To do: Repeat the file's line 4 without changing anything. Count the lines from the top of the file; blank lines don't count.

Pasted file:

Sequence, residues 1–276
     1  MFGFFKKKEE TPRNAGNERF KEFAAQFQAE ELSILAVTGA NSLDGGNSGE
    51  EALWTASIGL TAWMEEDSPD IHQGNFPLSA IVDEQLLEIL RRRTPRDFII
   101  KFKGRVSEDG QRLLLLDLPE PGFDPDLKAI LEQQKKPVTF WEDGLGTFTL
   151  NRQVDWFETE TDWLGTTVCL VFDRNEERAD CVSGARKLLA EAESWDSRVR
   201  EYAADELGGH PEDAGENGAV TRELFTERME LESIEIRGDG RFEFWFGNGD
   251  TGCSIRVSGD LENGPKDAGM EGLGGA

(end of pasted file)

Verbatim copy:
   101  KFKGRVSEDG QRLLLLDLPE PGFDPDLKAI LEQQKKPVTF WEDGLGTFTL